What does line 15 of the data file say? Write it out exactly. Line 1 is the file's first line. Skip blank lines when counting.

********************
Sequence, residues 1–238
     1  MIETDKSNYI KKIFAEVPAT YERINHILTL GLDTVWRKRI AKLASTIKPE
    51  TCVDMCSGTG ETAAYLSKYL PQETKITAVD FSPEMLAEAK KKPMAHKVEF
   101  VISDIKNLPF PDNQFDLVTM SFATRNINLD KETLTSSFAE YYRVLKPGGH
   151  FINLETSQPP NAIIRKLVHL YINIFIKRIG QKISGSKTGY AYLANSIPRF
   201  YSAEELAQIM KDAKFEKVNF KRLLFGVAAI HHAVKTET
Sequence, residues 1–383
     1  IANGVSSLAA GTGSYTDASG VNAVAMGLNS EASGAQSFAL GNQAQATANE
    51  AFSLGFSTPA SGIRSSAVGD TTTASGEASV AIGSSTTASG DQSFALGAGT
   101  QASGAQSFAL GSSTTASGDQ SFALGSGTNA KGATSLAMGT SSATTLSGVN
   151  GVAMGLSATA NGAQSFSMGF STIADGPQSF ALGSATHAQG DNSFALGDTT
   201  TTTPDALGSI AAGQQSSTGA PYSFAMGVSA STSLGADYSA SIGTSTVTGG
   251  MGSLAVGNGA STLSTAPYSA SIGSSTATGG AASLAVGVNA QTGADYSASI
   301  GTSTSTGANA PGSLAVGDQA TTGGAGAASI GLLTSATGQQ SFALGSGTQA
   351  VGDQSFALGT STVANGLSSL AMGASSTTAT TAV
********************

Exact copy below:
   351  VGDQSFALGT STVANGLSSL AMGASSTTAT TAV